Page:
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- Images of Andersen Library -- Artist's Conception Through Grand Opening
The Elmer L. Andersen Library is uniquely suited to the task of preserving the records of human thought and achievement for the citizens of Minnesota. Here are stored over 1.5 million volumes of books, manuscripts, illustrations and artifacts, protected and preserved for posterity. The practical realization of Governor Andersen's vision of the "fourth mission" of the University, the Elmer L. Andersen Library preserves, maintains, and passes on to future generations the raw materials for research and discovery.
How can any building ensure that, when the inquiries of tomorrow's researchers emerge, these resources will still exist? How does one safely store and protect treasures such as the manuscripts of Pulitzer Prize- winning poet John Berryman, or the corporate records documenting the emergence of the electronic computer industry? How does one preserve the institutional history and evocative memories of the University of Minnesota, from the evolution of Goldie Gopher to the campus masterplan of architect Cass Gilbert? Will the stories, personal and institutional, of immigration and social welfare be available to future researchers? And what of the books, journals, and non-print media from other libraries throughout the state? Will they be retained, even when space in these greater-Minnesota libraries is no longer available?
The combined vision of University administrators, state legislators, librarians, and private citizens has resulted in a state-of-the-art structure, designed to address these questions. The Elmer L. Andersen Library is perhaps the most ambitious and innovative response to the storage and service issues now facing the nation's libraries and archives.
For some twenty months leading up to the Library's opening, passersby observed the steady excavation of nearly 100,000 cubic yards of sandstone and shale from the bluffs of the Mississippi River, north of the Washington Avenue Bridge. Heavy equipment entered and exited through an arched portal, almost four-stories high. Graceful and mysterious, the portal resembled an underground air defense site more than a library. The construction underway was for the Andersen Library's underground portion: the Minnesota Library Access Center.
The Andersen Library has been characterized as "geology-friendly;" and indeed, the geology of the site is an integral part of the underground structure. Behind the concrete portal, two enormous caverns, each two stories high and the length of two football fields, lie below a 30 foot layer of limestone plus an additional 30 feet of topsoil, clay and gravel. The solid limestone serves both as the structural roof of the caverns and the foundation for the Andersen Library building above.
Concrete support-walls for the caverns were prefabricated off-site, transported to the location, then bolted and grouted to the cavern sides. These 22-foot concave panels function like arches, retaining the sandstone behind them and supporting the limestone overhead. Designed to sustain the entire weight of the overlay, the prefabricated concrete panels required the development of entirely new installation equipment, with patents pending.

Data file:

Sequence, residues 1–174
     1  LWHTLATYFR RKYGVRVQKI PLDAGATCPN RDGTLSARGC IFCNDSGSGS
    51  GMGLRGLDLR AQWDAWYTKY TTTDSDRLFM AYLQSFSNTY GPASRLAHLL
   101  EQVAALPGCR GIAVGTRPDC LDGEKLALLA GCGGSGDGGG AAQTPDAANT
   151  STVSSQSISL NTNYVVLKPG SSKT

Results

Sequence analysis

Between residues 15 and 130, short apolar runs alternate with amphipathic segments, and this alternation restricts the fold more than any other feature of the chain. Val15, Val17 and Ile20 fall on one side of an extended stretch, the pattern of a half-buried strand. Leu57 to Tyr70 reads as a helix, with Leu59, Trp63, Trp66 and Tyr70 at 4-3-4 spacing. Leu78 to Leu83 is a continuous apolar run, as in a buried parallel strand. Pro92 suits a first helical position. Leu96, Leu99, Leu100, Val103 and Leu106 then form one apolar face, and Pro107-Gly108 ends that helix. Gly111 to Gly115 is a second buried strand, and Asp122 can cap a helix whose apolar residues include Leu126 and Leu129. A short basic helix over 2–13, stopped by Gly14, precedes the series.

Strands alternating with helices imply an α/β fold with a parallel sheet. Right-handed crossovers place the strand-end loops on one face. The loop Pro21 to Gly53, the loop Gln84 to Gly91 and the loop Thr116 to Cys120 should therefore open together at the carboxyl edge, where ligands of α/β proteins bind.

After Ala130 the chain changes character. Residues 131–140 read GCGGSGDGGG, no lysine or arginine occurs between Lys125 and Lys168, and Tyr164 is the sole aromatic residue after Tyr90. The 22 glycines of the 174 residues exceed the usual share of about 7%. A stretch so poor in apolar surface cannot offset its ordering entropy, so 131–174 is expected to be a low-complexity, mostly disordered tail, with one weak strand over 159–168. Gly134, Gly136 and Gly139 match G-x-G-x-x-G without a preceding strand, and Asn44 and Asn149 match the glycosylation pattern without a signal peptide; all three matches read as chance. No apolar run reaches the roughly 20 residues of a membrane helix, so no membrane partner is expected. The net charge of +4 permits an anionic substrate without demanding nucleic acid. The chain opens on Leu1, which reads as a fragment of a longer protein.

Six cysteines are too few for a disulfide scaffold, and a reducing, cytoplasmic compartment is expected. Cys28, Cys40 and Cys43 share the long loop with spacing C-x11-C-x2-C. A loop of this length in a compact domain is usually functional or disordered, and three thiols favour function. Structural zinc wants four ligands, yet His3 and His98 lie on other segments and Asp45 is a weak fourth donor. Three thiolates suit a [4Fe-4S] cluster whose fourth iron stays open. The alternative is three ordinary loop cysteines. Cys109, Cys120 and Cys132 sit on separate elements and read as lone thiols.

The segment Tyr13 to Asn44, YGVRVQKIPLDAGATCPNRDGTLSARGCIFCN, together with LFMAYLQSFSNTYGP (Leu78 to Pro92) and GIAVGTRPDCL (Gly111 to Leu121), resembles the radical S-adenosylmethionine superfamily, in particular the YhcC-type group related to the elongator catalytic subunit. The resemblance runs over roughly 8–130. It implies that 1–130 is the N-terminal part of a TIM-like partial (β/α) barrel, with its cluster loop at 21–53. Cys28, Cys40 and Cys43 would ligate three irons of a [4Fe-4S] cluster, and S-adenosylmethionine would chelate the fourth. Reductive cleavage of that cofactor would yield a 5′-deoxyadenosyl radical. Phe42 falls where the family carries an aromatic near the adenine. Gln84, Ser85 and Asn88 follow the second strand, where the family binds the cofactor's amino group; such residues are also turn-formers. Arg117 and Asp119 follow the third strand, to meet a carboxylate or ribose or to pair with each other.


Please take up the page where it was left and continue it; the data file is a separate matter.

One cavern is reserved for archives, manuscripts, and unique research materials from the University of Minnesota's collections, while the second is designated for storage of lesser-used materials from libraries throughout the state. A major benefit of storing these materials underground lies in the constancy of the natural environment. Upon excavation, the subterranean site was an almost ideal 57 degrees Fahrenheit with 70% relative humidity. The completed storage structures are maintained at 62 degrees Fahrenheit and approximately 50% relative humidity, considered optimum conditions for preserving paper, film, and videotape.
Walking into the atrium of the Andersen Library, researchers are greeted by a complex interplay of nature and industry, carefully orchestrated by the architects, Stageberg Beyer Sachs, Inc. The rough and smooth-textured patterns of the four-story wall of native Kasota limestone is truly majestic, as light from the windows bathe the atrium in a warm glow. The architects juxtapose the warm earth-tones of the stone and surrounding oak accents with the graceful curve of a gray-metal, industrial staircase, capped with a cherry-red railing.
The atrium ceiling is formed from four concentric bands of blue tints and shadings. Running from ceiling to main floor is a colorway, based on variations of blue and yellow, punctuated by red pillars running through all three floors. The building presents visual surprises at every turn, and visitors are struck by the attention to detail that permeates both the public spaces and the archives areas.
Behind the light oak panels and glass are the suites for the eight archives and special collections units. Through these offices, the world-class collections of books, manuscripts, photographs, and other artifacts are made available to researchers.
The Elmer L. Andersen Library, like all University of Minnesota Libraries, is open to the general public. Anyone may visit the archives suites to consult with the University's expert curatorial staff, who assist with the rare and unique materials preserved in the archives and special collections cavern. The books, journals, and other materials stored by Minnesota's libraries in the second cavern are likewise available to everyone via the MINITEX Library Information Network, the nation's premier library lending service.
All are welcome to discover the treasures of the Elmer L. Andersen Library.
Stageberg Beyer Sachs, Inc.
C.S. McCrossan, Inc. and M.A. Mortenson Co.
CNA Consulting Engineers and Ericksen Ellison Associates